The most common argument against this is that humans are too greedy to share resources, and are doomed to constantly screw each other over for personal gain. However, as Harry Ring points out in Socialism and Individual Freedom, humans have already proved that this is not the case. Think about availability of water in developed countries: it’s abundant, easy to access, and essentially free. No one thinks twice about giving a glass to someone in need, and no one is hording it by the bucketload in their garages. What would be the point?

If anything, this is good news for Directioners. Everything recorded so far will be free! No need to spend money on the songs, or risk downloading them illegally. And no more irritating DRM issues when you purchase digital content from companies like Apple! Perfect.

And while we’re talking about overly controlling corporations – you can kiss those goodbye too. As Hannah Sell argued in 21st Century Socialism in 2006: “a socialist economy would have to be a planned economy. This would involve bringing all of the big corporations, which control around 80% of the British economy, into democratic public ownership, under working-class control.”

No longer would moguls like Rupert Murdoch control politicians and newspapers simultaneously. And Simon Cowell’s label, Syco Music, will be in the hands of the people. So as long as we decide we still want music from the boys, future albums might not be ruled out either – overthrowing record companies doesn’t mean burning their equipment, after all.

Now, I know that a lot of people are sceptical about socialism. One of the most common arguments is that Russia already tried it, and it failed. That is why a sustainable socialist future must be one based on democracy.

Sell explains: “Nationally, regionally and locally – at every level – elected representatives would be accountable and subject to instant recall. Therefore, if the people who had elected them did not like what their representative did, they could make them stand for immediate re-election and, if they wished, replace them with someone else.”

Once again, things are looking pretty good for the loveable lads. After all, they lost the X-Factor final in 2010 – they’re no strangers to the power of the people. So far, I’m feeling good about the prospects of having the cherry on top of my revolutionist cake.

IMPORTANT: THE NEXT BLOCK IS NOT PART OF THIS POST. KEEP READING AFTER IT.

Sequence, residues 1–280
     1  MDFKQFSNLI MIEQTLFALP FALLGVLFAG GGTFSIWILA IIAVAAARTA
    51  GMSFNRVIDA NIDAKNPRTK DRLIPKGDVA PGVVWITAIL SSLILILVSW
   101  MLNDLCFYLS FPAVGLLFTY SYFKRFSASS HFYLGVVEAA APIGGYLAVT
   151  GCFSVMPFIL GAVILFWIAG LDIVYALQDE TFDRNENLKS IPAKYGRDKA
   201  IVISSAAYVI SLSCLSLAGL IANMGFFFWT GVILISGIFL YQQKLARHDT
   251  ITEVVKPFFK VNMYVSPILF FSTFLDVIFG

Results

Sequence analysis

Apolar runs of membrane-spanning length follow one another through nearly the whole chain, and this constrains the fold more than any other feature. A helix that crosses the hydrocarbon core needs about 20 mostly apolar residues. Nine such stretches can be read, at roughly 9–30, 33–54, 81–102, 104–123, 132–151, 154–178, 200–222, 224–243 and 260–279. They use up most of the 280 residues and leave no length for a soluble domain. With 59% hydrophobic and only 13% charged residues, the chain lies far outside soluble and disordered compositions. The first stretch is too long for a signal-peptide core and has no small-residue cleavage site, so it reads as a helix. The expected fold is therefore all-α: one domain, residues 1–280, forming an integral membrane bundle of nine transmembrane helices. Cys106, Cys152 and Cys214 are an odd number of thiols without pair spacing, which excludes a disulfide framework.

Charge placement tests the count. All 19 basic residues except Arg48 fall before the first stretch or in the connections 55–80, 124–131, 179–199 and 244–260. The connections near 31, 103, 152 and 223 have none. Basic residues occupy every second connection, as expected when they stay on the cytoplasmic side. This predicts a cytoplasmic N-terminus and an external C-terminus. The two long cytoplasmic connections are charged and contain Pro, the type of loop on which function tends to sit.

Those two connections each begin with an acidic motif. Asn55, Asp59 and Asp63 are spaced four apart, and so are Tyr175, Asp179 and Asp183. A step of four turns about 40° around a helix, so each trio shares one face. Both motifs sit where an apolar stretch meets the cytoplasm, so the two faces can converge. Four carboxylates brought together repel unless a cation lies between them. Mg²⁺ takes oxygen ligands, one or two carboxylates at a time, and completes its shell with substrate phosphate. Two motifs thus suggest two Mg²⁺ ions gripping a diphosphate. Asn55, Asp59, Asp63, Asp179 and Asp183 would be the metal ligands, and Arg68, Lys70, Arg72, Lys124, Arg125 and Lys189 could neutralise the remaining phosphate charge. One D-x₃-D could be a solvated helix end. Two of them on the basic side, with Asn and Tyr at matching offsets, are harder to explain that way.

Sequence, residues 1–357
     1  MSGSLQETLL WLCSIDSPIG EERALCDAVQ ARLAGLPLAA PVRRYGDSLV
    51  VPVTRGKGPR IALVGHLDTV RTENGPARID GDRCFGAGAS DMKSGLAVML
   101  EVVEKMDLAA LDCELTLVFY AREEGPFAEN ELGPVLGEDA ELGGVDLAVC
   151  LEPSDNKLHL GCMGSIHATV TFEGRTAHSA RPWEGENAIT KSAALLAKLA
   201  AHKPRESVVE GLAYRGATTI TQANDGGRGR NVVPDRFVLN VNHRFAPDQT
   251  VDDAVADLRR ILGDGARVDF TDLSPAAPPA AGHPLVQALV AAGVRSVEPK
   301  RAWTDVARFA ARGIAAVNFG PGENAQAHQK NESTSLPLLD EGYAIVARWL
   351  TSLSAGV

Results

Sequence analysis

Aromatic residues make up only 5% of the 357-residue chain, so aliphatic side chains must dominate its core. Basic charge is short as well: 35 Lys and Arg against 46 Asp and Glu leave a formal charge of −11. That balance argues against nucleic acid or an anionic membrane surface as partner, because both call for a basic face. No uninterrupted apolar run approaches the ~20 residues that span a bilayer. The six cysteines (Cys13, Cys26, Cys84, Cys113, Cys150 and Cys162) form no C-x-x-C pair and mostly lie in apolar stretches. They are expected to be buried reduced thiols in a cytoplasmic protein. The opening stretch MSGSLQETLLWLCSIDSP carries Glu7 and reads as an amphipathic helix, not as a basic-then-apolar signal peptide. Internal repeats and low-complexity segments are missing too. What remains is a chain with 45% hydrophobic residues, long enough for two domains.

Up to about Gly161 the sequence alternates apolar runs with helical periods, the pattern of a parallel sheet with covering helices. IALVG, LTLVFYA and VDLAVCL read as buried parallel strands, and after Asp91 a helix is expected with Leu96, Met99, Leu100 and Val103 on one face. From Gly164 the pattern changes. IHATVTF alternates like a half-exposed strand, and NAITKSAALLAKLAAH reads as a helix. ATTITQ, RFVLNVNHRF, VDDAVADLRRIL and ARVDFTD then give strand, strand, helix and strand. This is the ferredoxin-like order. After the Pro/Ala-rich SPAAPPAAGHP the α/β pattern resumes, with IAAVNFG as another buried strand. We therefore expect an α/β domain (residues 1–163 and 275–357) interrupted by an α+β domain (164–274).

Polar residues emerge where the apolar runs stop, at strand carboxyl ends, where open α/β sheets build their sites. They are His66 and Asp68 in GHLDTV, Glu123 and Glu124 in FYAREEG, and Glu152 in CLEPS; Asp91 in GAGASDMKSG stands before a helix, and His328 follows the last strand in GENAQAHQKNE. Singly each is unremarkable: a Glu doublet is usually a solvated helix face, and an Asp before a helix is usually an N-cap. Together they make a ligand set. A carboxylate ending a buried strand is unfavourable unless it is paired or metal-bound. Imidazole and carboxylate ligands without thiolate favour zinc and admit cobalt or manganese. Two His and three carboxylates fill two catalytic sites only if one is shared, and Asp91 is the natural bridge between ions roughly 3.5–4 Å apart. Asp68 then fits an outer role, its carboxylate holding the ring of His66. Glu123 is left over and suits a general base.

The difficulty, of course, comes when we stop examining socialist utopias, and start questioning One Direction. This is, after all, a band that rose to popularity by exploiting young girls’ insecurities. Although What Makes You Beautiful sounds like a call to arms against the evils of a sexist beauty industry telling women they’re nothing without their products, sadly it just replaces one form of sexism with another. It’s the approval of men that gives your life meaning, argues the song – not make up or self-belief.

There’ll be no place for sexism after the revolution, or any other oppression of minorities. As The Socialist Organizer puts it: “With the end of the patriarchal family and capitalist scapegoating will vanish the basis for discrimination against gay, bisexual, lesbian, and transgender folks.” The same goes for oppressive systems of racism, ableism, and ageism.

But if 1D gain most of their fans by reinforcing heteronormative narratives in which women are no more than mysterious, beautiful enigmas for men to win, won’t the magic be gone? Half the fun is that when they make broad, generalising descriptions about what makes “you” special, they really could mean you.

It’s true: One Direction would no longer be writing songs which depend on a patriarchal system. However, as the writer and activist John Molyneux points out, art will not die under socialism. In fact, it will find itself flourishing once free from corporate direction and the need to appeal to mass markets. Creativity will grow, and 1D – if they decide to go on making music now that it won’t make them richer than other people – will be free to record the same upbeat tunes and catchy hooks they always have. It’s just that, as my good friend Bethan put it, they will “sound like Feminist Ryan Gosling set to music” instead.

Viva la révolution!